Palestinians refuse to back down on FIFA vote to expel Israel

AFP reports: Palestine’s football chief on Wednesday continued his refusal to back down on a threatened vote to suspend Israel from football’s governing body after talks with increasingly desperate FIFA president Sepp Blatter.

“Nothing has changed, the vote is still on the agenda,” Palestinian Football Association president Jibril Rajoub told AFP after the meeting with Blatter and as the countdown to Friday’s vote gathered pace.

“The meeting lasted about one hour, there were no results,” Rajoub said.

Palestine, which has been a FIFA member since 1998, wants the governing body to suspend Israel over its restrictions on the movement of Palestinian players, and opposes the participation in the Israeli championships of five clubs located in Jewish settlements in the occupied West Bank, illegal under international law.

The vote is scheduled for Friday and needs a simple majority of over 50% of the 209 members to succeed.

Blatter has been lobbying furiously to try to avoid the vote, travelling to the Middle East last week to meet Prime Minister Benjamin Netanyahu and president Mahmoud Abbas. [Continue reading…]

Other reports say the vote would require 75% in favor to pass and one report says a two-thirds majority. No doubt FIFA officials are more preoccupied with other questions right now (such as how likely it is that they will end up in jail), but is it really that difficult for the press to establish one basic fact?

Daoud Kuttab adds: Blatter told Palestinians that he has received new concessions from the Israelis regarding the travel issues of Palestinian players. A committee has been created, including a Palestinian, an Israeli and a FIFA representative, who meet on a monthly basis to review the situation.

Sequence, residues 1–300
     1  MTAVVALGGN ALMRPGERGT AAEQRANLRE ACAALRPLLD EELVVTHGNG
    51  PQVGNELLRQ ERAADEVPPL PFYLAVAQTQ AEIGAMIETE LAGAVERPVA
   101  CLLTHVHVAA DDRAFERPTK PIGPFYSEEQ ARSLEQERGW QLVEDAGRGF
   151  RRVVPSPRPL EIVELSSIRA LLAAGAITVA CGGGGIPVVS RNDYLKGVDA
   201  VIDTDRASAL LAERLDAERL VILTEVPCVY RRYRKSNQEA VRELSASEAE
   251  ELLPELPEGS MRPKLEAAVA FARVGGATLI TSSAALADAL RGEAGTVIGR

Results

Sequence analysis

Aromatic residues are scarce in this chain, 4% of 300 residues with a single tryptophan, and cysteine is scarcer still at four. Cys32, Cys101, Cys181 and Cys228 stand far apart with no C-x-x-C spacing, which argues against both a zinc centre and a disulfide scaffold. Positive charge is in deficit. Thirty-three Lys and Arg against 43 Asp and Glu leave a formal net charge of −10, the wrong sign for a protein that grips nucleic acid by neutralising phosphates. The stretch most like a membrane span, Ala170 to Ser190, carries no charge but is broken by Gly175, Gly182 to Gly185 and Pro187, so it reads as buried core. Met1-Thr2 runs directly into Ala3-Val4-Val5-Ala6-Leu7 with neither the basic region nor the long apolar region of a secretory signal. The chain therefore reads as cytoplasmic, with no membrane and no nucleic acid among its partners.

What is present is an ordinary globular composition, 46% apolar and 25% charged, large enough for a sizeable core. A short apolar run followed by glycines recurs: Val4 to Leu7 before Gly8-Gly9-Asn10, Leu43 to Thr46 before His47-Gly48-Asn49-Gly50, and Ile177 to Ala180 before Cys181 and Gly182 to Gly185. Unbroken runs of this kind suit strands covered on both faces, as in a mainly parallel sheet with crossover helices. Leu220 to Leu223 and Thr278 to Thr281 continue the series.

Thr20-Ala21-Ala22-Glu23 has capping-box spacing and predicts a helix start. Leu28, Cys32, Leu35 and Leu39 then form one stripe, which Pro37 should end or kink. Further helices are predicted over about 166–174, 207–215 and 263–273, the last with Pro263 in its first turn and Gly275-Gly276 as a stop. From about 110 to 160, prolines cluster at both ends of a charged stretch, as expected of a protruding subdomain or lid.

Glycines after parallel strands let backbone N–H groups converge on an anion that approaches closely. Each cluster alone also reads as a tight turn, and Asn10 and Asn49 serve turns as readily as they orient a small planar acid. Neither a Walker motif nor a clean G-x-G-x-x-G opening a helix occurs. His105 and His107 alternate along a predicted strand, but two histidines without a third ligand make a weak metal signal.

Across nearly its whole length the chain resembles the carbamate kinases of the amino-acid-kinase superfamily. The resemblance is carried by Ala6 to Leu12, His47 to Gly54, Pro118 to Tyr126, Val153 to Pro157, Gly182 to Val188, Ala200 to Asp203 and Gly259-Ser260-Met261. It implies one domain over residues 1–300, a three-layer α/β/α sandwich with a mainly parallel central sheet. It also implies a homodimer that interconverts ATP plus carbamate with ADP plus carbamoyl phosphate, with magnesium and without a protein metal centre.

“Our issue with the Israelis is not only about the movement of our players. We can’t accept that the Israeli Football Association includes five clubs from settlements and the racism in Israeli stadiums,” Rajoub said. Israeli soccer teams and their fans act and tolerate a high level of racism against Arabs in the stadiums. FIFA has a strong policy against racism and conducts campaigns to root it out of the game.

FIFA statutes include the protection of its associations from others playing in its country. Settlements are considered illegal according to international law and therefore, Israeli soccer teams would need the approval of the Palestinians to play in the settlements built in the occupied Palestinian territories.

Eamonn McCann notes: Palestinian footballer Sameh Maraabah was arrested last Thursday by Israeli security agents at the Allenby Bridge, the only crossing point available to Palestinians between the Israeli-occupied West Bank and the outside world.

The team had been en route to Tunisia for a training camp in preparation for a game against Saudi Arabia on June 11th.

The incident came within 24 hours of talks between Fifa president Sepp Blatter and Israeli and Palestinian officials in Tel Aviv and Ramallah about a Palestinian bid to have Israel suspended from Fifa for persistent harassment of Palestinian players and allowing teams from illegal West Bank settlements to compete in the Israeli league.

On Thursday evening, the head of the Palestine FA (PFA), Jibril Rajoub, wrote to Blatter complaining: “The Israeli government’s promise [at the talks] to facilitate the movement of our players is having its first test . . . Player Sameh Maraabah has been detained for two hours now . . . The team has decided it will not leave without him.”

The team was able to resume its journey an hour later. The Israelis insisted that Maraabah had been delayed solely as a security risk and accused the PFA of “provocation”.

Iyad Abu Gharqoud, who plays for the Palestine national team, writes: Soccer is a beautiful game, but it can be cruel, too — and not just in the near-misses and penalty shootouts. One of the ironies of my professional career is that it has brought me tantalizingly close to Beersheba, the city in southern Israel once known as Bir Saba — an Arab community that was expelled in 1948, my family included.

Today, our players are frequently arrested and detained. Last year, two of our most talented young players were shot and wounded by Israeli forces at a checkpoint. The border police reported that the young men were about to throw a bomb; in fact, they were on their way home from training at our national stadium in the West Bank. According to The Nation, they were both shot in the feet, sustaining injuries that have ended their soccer careers.

Israel has also tried to block players from other countries from entering Palestine to play against us. And during last year’s Gaza conflict, Israeli jets bombed our soccer fields and recreational areas. Israel’s policies have succeeded in making the beautiful game ugly.

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